"The Great Depression" which descended
on the world in the 1930's had disastrous consequences for many shipping
companies, but The BI with little emphasis on European trade weathered the
period very well ships were laid up or disposed of, but no sea going staff
lost their employment. The importance of Rangoon in activities had little
changed from 1856 with eight mail runs still on
See the World and be Educated, (with fun)
In 1932 the much loved and, for those who participated, never to be forgotten "Educational Cruises" commenced. The word "educational" only came into use at a later date, as the early ones were recreational in conception and execution and only undertaken by schoolboys. They had to assist with the preparation and serving of food aboard the Neuralia and Nevasa, so perhaps this was their only education. Accommodation was in the troop decks for schoolboys, the masters in passenger/officer cabins. These two veterans of WWI, now twenty years old have been built for the London-Calcutta liner service, but were converted into troop transports in 1925 for contracted liner service, but were converted into troop transports in 1925 for contracted Government service. One Mr. George White came up with the idea of using ships to give schoolboys an entertaining experience and the Scottish Secondary Schools Travel Trust took up the idea to set in motion an activity which carried on during the "off" trooping seasons until 19385 when the worsening international situation brought things to a halt. Normal routine for the contracted transports was for them to be laid up off Netley routine for the contracted transports was for them to be laid up off Netley in Southampton Water, opposite the Royal Victoria Hospital, during the hot summer months. Transiting the Red Sea and eastern waters in ships without any form of air conditioning was extremely uncomfortable at this time. A benefit to The BI was that this "out of season" use came as a handy earner.
The first cruise departed from Leith on the 25th July 1932 journeying to Baltic waters with over a thousand schoolboys aboard anticipating fresh air and a fortnight of fun. The idea also appealed south of the border and, later in the summer, the English Secondary Schools Travel Trust repeated the experience sailing from Hull. So started the routine pattern of two voyages a summer. Dilwara and Dunera participated in the duties from 1936 until the premature end in 1938. History has a habit of repeating things and in 1961 after a £100,000 refit the Dunera, converted specifically for educational cruises recommenced the pre-war tradition of a unique experience for those boys taking part, but with a subtle addition girls.
Here We Go Again
On the 3rd September 1939 The BI owned 103 ships, fifty-five passenger and, forty-eight cargo. Roughly half the total were in port at places between the Persian Gulf and Singapore, the rest scattered across the web of BI routes. From April 1940 the Admiralty or the Ministry of War Transport controlled the whole fleet. The fleet loss was Sirdhana on 13th November 1939 to a friendly mine off Singapore and in successive years losses to enemy action numbered 4 in 1940, 13 in 1941, 13 in 1942, 12 in 1943, and 1 in each 1944 and 1945. Two ships also grounded, two were lost to fire, one was used as a block-ship, and most unluckily, sir Harvey Adamson, lost without trace and all hands to what was thought to be a mine off the Burmese coast in 1947. A total of fifty-one ships and a loss of 1083 lives. In the course of the war, The BI managed 72 ships of other nationalities and of these 16 were lost along with BI personnel amongst the ships staff.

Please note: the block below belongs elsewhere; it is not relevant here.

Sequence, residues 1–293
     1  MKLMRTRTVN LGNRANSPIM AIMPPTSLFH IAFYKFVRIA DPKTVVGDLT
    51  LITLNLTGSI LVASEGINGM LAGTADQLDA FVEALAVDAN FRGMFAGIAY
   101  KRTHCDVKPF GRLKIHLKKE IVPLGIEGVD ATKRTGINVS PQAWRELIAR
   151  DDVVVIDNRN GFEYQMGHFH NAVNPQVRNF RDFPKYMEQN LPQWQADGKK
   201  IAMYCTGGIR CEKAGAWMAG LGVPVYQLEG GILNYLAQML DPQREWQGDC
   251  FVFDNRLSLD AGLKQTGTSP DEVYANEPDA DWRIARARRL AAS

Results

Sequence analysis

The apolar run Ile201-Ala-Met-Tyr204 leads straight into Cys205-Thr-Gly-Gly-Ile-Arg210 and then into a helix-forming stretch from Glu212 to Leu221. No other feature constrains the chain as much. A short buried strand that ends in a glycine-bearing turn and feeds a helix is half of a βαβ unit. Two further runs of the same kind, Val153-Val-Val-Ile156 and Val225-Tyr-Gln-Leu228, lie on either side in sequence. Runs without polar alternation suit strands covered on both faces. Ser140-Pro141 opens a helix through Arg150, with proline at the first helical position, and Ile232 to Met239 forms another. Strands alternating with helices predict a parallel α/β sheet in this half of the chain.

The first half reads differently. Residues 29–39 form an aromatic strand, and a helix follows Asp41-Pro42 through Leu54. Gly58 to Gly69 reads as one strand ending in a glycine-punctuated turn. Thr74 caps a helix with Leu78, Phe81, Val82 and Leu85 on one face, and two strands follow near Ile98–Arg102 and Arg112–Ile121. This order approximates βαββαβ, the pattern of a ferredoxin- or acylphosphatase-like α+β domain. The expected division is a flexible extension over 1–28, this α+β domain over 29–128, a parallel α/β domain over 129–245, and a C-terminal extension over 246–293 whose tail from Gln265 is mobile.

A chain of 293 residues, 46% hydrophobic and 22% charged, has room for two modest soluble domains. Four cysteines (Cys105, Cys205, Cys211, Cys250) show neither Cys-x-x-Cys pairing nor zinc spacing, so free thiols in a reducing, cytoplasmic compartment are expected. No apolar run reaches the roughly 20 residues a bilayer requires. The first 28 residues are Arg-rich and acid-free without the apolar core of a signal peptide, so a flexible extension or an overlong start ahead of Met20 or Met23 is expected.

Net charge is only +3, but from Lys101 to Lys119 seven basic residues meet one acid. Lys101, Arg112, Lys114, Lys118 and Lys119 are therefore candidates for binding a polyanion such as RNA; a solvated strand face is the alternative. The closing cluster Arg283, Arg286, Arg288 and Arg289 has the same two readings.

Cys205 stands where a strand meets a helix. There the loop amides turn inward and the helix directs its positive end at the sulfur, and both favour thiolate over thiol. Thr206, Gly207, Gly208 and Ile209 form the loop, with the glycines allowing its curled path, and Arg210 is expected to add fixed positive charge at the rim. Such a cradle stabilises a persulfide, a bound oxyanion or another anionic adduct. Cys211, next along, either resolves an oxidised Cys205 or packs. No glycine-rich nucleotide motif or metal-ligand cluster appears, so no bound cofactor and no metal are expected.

Some significant losses are worth a mention in some detail. Mashobra, the first of the post WWI "M" class for the London-Calcutta service was bombed off Narvik in May 1940 and later that year the brand new Aska became a victim to bombs in the Western Approaches. She and her two sisters were destined never to fulfil their potential on the Calcutta-Rangoon Mail Service. Another relatively modern vessel was Karaanja, lost to a bomb in the Mediterranean in November 1942 whilst the immediate pre-war cadet ship, Wargoonga was torpedoed in the Atlantic five months later. A victim of a bombing attack despite full hospital ship colours, Talamba, one of the trio of the trio three funnel Calcutta-Japan liners built in 1924, sank off Alova, sicily in July 1943. By far the largest loss of life involving a BI ship was the bombing of Rohna with a radio guided device in the Mediterranean in November 1943. At this time Rohna had a goat as a mascot with the free run of the accommodation as did her sister Rajula after the war. As both ships ran the Straits Mail in peace time, were the goats related? Carrying American troops to Bombay in convoy the ship sank taking 134 crew, 1015 troops and the mascot with her. This was only second in American loss of life to the sinking of Arizona at Pearl Harbour in December 1941 with 1103 causalities. A freak loss was Baroda, destroyed in the Victoria Dock, Bombay explosion of 14 April 1944 after Fort Strikine blew up. Last but not least a veteran of WWI, a regular contracted transport between the wars, and a pioneer of the "Educational Cruise" concept, the 1912 built Neuralia had the misfortune to hit an Italian mine on 1 May 1945, the eve of VE Day. The war in the east carried on until a spectacular end came about in August 1945.
Post War Revival
The toll of nearly six years' conflict gave The BI problems not dissimilar to other shipping companies, but at least it had not succumbed as some others had to near or complete wipe out. Half the fleet gone was bad enough though. With loss of tonnage went crews, much reduced economic activity, total loss of markets to various factors, speculative and emerging national fleets, clamour for political change, and though that independence from the colonial power. So what to do? True to the traditions of this well established company it set about a programme of replacement vessels to sustain viable passenger, passenger-cargo and cargo services in its traditional trading vessels.